Revenge of the Weiner, and Our Mock Shock Media
I was thinking of former Rep. Anthony Weiner, who is now trying for a political comeback, while driving home from New Haven, listening to a blues hour out of a university radio station.
I’m not a blues devotee, but the lyrics about The Other Man and the Other Woman are hilarious. “You Can Take My Husband, Just Don’t Take My Man…” “I’ll be your Motel Lover…” “I Am a Back Door Man.” And the blues standard reminds us, it “ain’t nobody’s business” if we do.
Listening to these songs, I think that the sexual demimonde was in some ways more tolerated in the 1930s and 1940s than it is today. The affair and the mistress weren’t always told as moral tragedies. They also belonged, for example, to Hollywood’s screwball comedies of the early 1930s. Comedy-dramas such as Forbidden, comedies such as She Done Him Wrong, and dramas such as Blonde Venus, Gay Divorcee, and The Easiest Way present a subtle emotional range about the mistress’ life, triangulated love, marriage and re-marriage and the affairs in between. When the Hays Code went into effect, comedies artfully threaded the censorship needle with sharp-witted double entendre about sex and adultery.
At some point—maybe it was in the 1980s—the political media seems to have undergone a collective naïve-ification. Or, call it an erotic lobotomy, or a “wordliness-ectomy,” by which we lost whatever cool understanding we might have once possessed.
In terms of how Americans judge politicians, conventional wisdom holds that we’ve gotten steadily more sexually “liberated” and tolerant over the 20th century. That seems true with respect to premarital sex and homosexuality. But with respect to non-monogamy, the mistress, the affair, or occasional journeys into the sexual demimonde, we might have been more worldly-wise decades ago, and have become less so.
I pull some political books off my shelf. H.W. Brands’ biography of FDR, Traitor to his Class, has amusing passages about the mistresses of Washington in the 1920s and 1930s, all well known, all more or less part of the social weave. In one passage he describes how a wife returned hairpins she found on their bathroom floor to her husband’s mistress. The mistress responded that if the wife looked in the chandelier, she might find her panties, too.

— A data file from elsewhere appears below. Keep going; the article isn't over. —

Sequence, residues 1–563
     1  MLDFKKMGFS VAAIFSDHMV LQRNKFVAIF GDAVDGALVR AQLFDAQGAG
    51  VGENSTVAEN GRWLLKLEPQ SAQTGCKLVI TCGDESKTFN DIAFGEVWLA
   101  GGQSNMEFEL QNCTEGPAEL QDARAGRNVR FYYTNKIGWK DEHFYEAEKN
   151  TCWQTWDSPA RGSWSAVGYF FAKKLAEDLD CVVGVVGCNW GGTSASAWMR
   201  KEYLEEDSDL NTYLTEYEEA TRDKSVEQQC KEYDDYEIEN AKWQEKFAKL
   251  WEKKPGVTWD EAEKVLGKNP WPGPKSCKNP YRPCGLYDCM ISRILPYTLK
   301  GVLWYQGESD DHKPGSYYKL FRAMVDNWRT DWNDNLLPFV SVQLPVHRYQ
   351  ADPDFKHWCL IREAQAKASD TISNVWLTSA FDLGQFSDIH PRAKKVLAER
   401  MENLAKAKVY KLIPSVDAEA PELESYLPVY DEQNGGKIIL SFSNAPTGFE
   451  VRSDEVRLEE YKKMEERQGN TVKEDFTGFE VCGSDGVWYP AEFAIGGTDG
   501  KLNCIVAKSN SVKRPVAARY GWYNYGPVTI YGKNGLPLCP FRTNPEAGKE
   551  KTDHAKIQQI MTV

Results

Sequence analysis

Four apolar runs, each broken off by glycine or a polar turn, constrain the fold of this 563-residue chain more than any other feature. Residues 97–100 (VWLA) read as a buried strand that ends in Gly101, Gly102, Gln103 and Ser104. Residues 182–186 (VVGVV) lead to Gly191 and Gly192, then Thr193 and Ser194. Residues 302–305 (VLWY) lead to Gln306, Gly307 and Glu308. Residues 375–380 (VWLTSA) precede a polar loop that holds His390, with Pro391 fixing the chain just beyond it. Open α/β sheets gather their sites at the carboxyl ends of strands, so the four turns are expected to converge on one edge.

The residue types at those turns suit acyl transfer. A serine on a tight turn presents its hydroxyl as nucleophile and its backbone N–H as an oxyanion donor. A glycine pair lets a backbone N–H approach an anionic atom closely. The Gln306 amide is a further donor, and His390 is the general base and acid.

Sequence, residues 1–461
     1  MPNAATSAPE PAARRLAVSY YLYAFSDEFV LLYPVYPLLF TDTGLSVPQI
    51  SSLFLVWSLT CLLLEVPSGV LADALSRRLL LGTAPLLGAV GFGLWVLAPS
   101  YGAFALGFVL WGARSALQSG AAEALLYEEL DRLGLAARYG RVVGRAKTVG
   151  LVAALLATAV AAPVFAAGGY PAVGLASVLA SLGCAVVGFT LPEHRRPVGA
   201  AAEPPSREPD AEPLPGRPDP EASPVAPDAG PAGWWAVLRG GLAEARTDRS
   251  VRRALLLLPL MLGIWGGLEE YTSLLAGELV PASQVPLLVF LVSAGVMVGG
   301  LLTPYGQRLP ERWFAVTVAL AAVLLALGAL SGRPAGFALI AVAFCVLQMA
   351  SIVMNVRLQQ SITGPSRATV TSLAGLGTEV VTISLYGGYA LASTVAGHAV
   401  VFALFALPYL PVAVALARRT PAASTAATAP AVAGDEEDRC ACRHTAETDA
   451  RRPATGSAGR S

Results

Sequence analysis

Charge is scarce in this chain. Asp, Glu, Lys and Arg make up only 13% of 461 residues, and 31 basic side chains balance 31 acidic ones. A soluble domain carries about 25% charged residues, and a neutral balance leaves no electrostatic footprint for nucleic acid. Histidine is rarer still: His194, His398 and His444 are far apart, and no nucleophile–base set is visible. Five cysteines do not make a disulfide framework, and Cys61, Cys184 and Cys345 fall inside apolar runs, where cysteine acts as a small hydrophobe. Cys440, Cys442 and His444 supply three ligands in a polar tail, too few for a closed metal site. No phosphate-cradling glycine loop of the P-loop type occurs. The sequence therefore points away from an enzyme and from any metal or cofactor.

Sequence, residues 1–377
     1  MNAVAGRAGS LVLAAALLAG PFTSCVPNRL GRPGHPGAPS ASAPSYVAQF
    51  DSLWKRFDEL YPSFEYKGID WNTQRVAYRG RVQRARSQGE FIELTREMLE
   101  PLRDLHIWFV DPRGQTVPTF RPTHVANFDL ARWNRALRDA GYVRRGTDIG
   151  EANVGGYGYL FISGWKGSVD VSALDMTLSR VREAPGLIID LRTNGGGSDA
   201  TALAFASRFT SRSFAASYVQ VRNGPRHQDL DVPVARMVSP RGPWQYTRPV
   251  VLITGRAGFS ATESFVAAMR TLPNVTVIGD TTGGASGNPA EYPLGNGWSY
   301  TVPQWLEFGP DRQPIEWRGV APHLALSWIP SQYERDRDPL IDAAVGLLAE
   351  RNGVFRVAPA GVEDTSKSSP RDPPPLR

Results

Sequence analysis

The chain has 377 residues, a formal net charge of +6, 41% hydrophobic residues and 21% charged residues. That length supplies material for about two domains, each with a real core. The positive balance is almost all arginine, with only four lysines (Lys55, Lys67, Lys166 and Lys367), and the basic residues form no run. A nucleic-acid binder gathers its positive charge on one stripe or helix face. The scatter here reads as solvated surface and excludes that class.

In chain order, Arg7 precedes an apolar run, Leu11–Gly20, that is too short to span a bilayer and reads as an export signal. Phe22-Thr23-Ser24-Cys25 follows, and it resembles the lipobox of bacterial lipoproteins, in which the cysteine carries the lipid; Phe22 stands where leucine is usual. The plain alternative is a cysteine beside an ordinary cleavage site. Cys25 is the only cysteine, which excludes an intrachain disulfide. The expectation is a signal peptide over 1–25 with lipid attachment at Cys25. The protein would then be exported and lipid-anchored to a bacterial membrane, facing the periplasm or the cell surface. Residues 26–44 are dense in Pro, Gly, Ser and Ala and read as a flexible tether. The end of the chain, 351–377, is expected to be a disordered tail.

President Grover Cleveland survived politically when he confessed that he might well have fathered a child out of wedlock, as he was accused, owing to an ongoing affair. Hampton Sides’ account of Martin Luther King Jr.’s assassination describes how FBI director Hoover had tried to destroy King by sharing details from the King sexual “dossier” to the press—evidence of his multiple mistresses, including a years-long affair with the wife of an African-American dentist in Los Angeles. “But the media never took the bait,” Sides writes. “We can’t even get our accomplishments published,” Hoover complained.
That’s almost incomprehensible discretion today, as is the discretion toward mistresses afforded to FDR, JFK and other presidents. Or, perhaps it wasn’t discretion so much as sangfroid, and a view of sexual affairs as irrelevant to the affairs of state.
For some, this zero tolerance for politicians’ sexual transgressions is a moral triumph.